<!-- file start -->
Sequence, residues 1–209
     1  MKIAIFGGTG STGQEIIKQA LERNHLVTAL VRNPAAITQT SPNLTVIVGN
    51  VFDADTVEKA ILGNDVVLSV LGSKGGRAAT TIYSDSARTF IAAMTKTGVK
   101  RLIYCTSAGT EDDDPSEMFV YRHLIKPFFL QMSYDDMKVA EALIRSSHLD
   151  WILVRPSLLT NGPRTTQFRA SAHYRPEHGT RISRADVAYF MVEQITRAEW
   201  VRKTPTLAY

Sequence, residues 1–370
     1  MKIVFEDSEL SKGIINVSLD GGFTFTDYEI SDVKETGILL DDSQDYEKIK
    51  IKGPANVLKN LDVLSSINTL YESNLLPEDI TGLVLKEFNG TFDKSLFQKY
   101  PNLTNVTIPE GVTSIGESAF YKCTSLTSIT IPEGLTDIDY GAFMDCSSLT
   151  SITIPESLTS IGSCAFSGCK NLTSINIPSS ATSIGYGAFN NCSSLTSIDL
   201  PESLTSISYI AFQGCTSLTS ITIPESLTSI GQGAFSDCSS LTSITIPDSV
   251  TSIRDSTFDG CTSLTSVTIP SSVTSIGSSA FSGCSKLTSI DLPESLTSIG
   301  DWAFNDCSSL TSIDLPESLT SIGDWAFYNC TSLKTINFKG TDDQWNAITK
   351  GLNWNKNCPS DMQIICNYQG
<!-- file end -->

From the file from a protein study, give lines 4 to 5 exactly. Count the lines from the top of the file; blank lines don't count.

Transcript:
   101  RLIYCTSAGT EDDDPSEMFV YRHLIKPFFL QMSYDDMKVA EALIRSSHLD
   151  WILVRPSLLT NGPRTTQFRA SAHYRPEHGT RISRADVAYF MVEQITRAEW